Issue 25 | Summer 2020

Writing through the Work of Another Poet Named Stewart

For Pamela Stewart




In our house everyone slept on cold floors

in rooms full of chilly faces. No one was taught


how to howl or speak our whirling light

in a raucous world always brightened by fire.


I begged for the family bible’s burning,

unraveling hurt page by page. Hell flickers


in the throats of fallen birds. Dust on tongues,

how long must we wait for ashes?


I was seven when the man who was the father

delved into an icy hole in the lake


and faded from our lives like a sliver of light

adrift in the russet shade of an autumn afternoon.




The mouse behind the stove slowly stirs

in her nest of scrap paper, pine needles,


and dryer sheets. In the corner of the room,

my young bride begins to hum old songs


full of sorrow and desperate hunger.

Slipping off her skirt of winter moonlight,


her mouth opens, darkness breathes

and still blesses everything. I keep losing


her hand beneath the table. I press a hand

against a cold window. How attentive


are the spiders who live in the corners

of the sills. When human touch fails,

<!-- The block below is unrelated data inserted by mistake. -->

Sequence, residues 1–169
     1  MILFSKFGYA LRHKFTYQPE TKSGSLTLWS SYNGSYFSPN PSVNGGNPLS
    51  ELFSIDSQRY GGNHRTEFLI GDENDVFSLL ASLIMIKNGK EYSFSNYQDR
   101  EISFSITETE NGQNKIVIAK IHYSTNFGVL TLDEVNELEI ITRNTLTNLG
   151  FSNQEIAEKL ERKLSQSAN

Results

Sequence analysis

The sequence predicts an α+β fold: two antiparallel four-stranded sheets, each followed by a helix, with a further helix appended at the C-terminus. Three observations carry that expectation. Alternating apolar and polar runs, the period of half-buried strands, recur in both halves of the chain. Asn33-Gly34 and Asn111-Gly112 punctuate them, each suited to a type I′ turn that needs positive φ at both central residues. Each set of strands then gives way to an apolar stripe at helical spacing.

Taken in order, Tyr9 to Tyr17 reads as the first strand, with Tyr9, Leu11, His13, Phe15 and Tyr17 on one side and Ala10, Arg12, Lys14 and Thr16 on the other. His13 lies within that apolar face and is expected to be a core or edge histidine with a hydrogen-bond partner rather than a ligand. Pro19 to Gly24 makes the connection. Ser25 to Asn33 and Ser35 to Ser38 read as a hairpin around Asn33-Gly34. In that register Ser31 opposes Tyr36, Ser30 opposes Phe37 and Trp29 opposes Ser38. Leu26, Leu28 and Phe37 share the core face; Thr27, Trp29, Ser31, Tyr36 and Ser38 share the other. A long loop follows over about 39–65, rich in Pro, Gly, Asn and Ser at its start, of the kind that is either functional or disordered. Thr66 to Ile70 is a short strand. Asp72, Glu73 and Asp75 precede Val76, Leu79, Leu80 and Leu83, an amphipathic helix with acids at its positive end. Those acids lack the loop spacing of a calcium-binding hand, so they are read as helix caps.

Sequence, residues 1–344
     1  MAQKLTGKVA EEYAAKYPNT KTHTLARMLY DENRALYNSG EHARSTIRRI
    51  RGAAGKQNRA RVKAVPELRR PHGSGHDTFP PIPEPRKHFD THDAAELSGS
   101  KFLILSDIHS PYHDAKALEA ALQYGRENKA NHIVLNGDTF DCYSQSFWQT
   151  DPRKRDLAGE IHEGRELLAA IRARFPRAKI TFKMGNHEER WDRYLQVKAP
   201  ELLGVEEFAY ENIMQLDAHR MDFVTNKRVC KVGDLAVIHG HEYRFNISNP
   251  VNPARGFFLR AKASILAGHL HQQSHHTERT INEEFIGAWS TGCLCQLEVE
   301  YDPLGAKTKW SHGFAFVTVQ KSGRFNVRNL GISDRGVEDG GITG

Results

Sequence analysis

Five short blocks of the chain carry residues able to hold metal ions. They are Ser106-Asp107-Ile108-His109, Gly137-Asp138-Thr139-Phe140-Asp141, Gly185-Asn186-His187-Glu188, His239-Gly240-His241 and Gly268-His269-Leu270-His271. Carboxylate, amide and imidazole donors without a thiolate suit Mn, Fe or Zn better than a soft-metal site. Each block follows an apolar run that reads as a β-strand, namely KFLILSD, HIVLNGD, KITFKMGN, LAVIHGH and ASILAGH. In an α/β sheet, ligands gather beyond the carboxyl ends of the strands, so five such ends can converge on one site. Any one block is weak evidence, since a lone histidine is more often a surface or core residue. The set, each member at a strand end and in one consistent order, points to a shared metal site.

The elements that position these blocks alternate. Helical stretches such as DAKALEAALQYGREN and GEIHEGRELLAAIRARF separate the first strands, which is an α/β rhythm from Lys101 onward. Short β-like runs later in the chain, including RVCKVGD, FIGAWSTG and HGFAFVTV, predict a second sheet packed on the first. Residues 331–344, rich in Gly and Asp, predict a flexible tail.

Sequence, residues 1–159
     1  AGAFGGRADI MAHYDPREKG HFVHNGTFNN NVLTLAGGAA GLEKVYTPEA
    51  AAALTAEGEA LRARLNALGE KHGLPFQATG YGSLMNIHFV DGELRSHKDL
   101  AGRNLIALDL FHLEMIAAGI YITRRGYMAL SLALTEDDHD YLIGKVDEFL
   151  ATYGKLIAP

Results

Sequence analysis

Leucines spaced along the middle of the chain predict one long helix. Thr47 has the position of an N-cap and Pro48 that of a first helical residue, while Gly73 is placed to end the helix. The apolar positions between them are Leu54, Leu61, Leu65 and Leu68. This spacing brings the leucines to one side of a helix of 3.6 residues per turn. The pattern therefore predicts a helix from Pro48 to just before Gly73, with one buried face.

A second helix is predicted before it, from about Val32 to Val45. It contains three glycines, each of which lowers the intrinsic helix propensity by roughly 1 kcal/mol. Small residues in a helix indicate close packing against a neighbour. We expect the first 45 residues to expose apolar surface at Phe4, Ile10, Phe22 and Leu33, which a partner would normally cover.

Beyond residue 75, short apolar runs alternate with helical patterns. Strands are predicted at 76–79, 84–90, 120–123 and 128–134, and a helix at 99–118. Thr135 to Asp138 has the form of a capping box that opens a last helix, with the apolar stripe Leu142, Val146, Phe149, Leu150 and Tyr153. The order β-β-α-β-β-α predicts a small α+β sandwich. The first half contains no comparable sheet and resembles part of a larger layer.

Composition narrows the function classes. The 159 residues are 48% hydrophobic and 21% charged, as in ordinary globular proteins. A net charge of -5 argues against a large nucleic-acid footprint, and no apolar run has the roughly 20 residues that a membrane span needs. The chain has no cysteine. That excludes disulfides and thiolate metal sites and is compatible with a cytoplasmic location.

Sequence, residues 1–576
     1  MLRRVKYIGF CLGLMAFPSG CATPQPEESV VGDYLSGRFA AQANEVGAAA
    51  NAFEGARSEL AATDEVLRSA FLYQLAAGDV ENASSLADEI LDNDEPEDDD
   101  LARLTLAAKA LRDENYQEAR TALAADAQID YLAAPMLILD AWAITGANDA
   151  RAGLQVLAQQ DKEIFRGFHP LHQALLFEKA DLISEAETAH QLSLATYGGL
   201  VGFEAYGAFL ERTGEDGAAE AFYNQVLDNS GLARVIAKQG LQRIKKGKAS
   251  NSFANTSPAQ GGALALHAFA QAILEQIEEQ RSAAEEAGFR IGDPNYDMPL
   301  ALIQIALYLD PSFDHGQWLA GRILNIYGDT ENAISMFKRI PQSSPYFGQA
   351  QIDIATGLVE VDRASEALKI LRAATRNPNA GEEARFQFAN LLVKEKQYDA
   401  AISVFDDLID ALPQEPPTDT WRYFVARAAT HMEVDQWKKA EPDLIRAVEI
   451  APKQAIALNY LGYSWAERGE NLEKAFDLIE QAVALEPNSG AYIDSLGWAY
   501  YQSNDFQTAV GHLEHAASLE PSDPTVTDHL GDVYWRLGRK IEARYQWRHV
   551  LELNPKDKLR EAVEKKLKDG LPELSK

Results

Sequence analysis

buttercups extend their hard luster—

this is what marriage means to me today.




Mama hums Easter hymns in the chicken yard

as she plucks breastbone away from feathers.


She pours bowls of soup at the church supper.

She washes vegetables, peels apples, fills up


the ghost’s mouth with bread. At home, she hides

her first love’s kisses under the doormat,


flings sheets over prayers kept in a room

that no one enters. Up in the attic, she stows away


a handful of men in cardboard boxes, drapes

a blanket over a rocking chair shaped like Father.




Birds sing wet songs smudged by midsummer heat.

Black cows enter the barn, chewing their cuds.


In Hawley, Massachusetts, a Tibetan man told me

Death’s long fingers root through his hair.


Sometimes summer smells like warm, soapy water.

Mama’s thin scent of August dusk drifts downwind


toward the churchyard cemetery. Returning home,

my mind strays into the lullabies we never sang.


A scrabble of tulips bloom on the edge of a plowed field.

A dog runs silently behind Mama’s strained voice.

Filed under: Poetry

Joshua Michael Stewart has poems published in the Massachusetts Review, Salamander,
Brilliant Corners, Talking River Review,
and many others. His first full-length collection of poems, Break Every String, was published by Hedgerow Books in 2016. Visit him at